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The Nex Step

Wednesday, April 27th, 2011

Way back in the editorial of Dragon #353, in March, 2007, I gave the first hint about a major gaming project I'd already been working on for months. While recounting a fun convention appearance at North Carolina's Mid-Atlantic Convention Expo (M.A.C.E.) I mentioned that I ran two marathon sessions of my Age of Worms kick-off adventure, "The Whispering Cairn," as well as another super-secret event, "The Refuge of Nex," which I called "a cunning dungeon you might be seeing more of soon."

Although the public did not yet know about the end of the print version of the magazine, I had received the terminal diagnosis months earlier. While my hectic days at that time were focused on giving the magazines the best possible send-offs I could, my nights were filled with scheming about what Paizo would do next. We'd already launched the GameMastery Modules, but that line was still in its infancy in 2007. Most of the plans for it were scribbled in my notebooks, and had not yet been published.

You may recall that the early GameMastery adventures featured an alphanumeric code to hearken back to the classics of the 80s and to help us keep track of which adventures focused on which topics. The "U" series, for example, featured urban adventures, while modules that started with a "J" usually involved a journey to some exotic locale. It's one of those ideas that work better in theory than in practice, which is why we eventually abandoned it, but in 2007 we were all still pretty excited bout it.

I was most excited about a specific alpha-numeric designation found in the planning pages of my notebook: The "M" series.

In a fit of hubris only a publisher could love, I decided that the "M" series stood for "Mona," and that it would provide an outlet for my personal adventure designs. "The Refuge of Nex," which I playtested at M.A.C.E., was to be the first installment in the "M" series, the beginning of a multi-adventure exploration of an extraplanar dungeon composed of several "stacked" demiplanes created by a long-missing archmage. It would be a huge multi-year, multi-product mega-dungeon in the tradition of Greyhawk or Undermountain, with plenty of intrigue and weird-world exploration mixed in with killer traps and insidious combats.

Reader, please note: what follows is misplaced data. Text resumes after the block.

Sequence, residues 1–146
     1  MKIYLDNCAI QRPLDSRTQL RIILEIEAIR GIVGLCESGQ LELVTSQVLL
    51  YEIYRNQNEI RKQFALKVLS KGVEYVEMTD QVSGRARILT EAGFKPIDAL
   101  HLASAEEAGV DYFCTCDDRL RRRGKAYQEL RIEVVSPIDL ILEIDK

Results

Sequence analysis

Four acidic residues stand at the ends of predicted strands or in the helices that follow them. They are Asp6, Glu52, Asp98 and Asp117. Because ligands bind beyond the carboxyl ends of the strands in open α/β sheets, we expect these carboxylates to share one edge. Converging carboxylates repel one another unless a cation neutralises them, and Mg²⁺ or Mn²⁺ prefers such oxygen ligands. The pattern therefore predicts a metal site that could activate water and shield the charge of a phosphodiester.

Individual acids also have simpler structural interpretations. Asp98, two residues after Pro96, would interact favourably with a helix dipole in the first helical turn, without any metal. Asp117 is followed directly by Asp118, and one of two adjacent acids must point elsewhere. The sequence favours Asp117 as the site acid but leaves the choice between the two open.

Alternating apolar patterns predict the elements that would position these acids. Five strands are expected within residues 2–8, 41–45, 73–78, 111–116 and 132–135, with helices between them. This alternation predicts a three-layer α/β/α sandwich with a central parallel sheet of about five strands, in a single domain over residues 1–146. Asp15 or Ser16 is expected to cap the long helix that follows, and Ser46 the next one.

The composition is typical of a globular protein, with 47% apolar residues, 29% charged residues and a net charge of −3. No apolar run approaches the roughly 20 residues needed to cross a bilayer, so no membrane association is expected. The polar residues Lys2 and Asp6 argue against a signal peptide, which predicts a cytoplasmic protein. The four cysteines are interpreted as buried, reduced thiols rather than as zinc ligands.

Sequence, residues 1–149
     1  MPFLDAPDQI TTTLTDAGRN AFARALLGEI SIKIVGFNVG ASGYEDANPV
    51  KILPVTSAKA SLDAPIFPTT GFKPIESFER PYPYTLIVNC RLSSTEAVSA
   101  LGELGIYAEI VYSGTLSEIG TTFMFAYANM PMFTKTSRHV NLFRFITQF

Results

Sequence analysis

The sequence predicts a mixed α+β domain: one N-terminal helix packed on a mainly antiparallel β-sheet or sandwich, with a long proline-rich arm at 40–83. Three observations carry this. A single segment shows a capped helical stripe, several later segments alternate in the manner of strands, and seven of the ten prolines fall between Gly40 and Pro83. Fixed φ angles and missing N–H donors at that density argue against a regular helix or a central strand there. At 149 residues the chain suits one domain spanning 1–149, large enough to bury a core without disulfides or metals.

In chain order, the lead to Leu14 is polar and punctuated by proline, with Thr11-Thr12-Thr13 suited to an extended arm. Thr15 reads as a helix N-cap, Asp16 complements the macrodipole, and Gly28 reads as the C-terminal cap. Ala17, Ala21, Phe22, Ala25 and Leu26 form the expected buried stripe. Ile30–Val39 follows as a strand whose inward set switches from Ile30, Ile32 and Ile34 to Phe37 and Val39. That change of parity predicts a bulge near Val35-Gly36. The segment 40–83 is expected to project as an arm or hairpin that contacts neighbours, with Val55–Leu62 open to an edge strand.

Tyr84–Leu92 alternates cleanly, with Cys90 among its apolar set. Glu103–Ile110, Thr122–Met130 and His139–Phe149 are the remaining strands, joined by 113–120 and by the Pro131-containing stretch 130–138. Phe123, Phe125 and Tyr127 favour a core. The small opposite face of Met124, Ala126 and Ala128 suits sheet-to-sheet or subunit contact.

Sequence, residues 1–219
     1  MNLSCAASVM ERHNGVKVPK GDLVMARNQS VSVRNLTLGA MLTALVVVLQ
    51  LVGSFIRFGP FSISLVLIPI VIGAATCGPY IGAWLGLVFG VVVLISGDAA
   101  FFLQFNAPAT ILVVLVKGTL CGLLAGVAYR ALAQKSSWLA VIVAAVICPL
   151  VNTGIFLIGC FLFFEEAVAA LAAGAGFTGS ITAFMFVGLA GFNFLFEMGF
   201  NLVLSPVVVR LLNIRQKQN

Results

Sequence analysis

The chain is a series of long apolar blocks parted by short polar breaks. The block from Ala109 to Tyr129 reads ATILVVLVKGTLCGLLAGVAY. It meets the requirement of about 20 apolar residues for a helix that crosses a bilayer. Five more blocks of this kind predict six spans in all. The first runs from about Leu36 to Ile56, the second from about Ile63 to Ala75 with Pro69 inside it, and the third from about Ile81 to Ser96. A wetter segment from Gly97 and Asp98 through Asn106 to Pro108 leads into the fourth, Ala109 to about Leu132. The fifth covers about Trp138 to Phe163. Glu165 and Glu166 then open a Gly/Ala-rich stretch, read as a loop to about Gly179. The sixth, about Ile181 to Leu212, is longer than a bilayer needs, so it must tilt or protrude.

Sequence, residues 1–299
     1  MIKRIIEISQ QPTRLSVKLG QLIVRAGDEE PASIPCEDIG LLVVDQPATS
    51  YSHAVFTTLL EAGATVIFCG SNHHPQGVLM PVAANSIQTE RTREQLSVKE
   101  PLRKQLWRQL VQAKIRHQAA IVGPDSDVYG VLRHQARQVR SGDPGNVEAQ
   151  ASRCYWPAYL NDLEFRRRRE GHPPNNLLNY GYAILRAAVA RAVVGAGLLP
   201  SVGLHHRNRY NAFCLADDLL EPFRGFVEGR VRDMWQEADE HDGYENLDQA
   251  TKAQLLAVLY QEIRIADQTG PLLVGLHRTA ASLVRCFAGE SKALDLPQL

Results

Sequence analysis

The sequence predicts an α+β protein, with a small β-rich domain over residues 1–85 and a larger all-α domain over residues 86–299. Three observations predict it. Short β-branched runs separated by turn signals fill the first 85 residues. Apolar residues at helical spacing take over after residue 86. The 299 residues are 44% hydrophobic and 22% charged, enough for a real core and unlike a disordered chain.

It was also WAY too much work for a publisher. Back then, I had enough capacity to balance editor-in-chief duties along with those of the publisher, but once the Pathfinder Adventure Path (and later the RPG) started rolling, all dreams that I would have the free time to polish off even "The Refuge of Nex" evaporated, to say nothing of my unrealistic hope of helming an entire ongoing module series while managing the most important business transition the company has ever endured. To make matters even more complicated, it was at about this time that I took on the challenge of weaving material from myself, James Jacobs, Jason Bulmahn, and other members of the Paizo staff into the Pathfinder Chronicles Gazetteer, the first real look at the wider world of Golarion.

"The Refuge of Nex," at this point, entered a long period of stillbirth from which it has not yet emerged. But I never forgot about it. Indeed, in the time between M.A.C.E. and the Gazetteer, I'd built up a whole story around the elusive archmage Nex, giving him his own nation to rule on the southern continent of the Inner Sea region and tying his background into other exotic places such as Jalmeray and Absalom.

At this point I decided that Nex had been among the would-be tyrants who tried unsuccessfully to conquer Absalom, leaving behind an infamous Siege Castle known as the Spire of Nex. The Spire of Nex was, essentially, the old Refuge idea transplanted to a more robust location closer to the City at the Center of the World. I still wanted to keep the old Refuge under the palace in Nex's capital city, though, so I decided that both the Spire and the Refuge were different entrances to the same otherworldly place. The fact that I had Nex himself withdraw there after a treacherous attack from his archenemy, Geb, made the whole thing even more interesting to me.